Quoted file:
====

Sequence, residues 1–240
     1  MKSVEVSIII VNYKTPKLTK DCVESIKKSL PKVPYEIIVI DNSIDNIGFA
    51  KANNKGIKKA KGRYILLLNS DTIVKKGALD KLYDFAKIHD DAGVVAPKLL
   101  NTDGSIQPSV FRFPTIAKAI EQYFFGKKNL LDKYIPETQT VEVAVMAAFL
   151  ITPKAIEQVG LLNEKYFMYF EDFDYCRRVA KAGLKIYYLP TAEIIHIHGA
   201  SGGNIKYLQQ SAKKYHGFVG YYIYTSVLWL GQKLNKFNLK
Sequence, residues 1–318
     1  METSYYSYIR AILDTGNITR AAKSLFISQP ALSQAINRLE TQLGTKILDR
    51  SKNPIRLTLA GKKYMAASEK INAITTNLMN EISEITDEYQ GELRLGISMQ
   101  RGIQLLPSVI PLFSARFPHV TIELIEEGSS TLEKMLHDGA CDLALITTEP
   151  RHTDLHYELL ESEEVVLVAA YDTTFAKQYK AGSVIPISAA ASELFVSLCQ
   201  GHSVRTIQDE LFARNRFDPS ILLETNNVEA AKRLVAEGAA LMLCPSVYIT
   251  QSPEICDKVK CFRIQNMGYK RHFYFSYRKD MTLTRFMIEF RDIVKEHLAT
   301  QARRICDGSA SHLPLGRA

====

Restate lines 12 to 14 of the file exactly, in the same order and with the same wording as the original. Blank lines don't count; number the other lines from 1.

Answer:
   201  GHSVRTIQDE LFARNRFDPS ILLETNNVEA AKRLVAEGAA LMLCPSVYIT
   251  QSPEICDKVK CFRIQNMGYK RHFYFSYRKD MTLTRFMIEF RDIVKEHLAT
   301  QARRICDGSA SHLPLGRA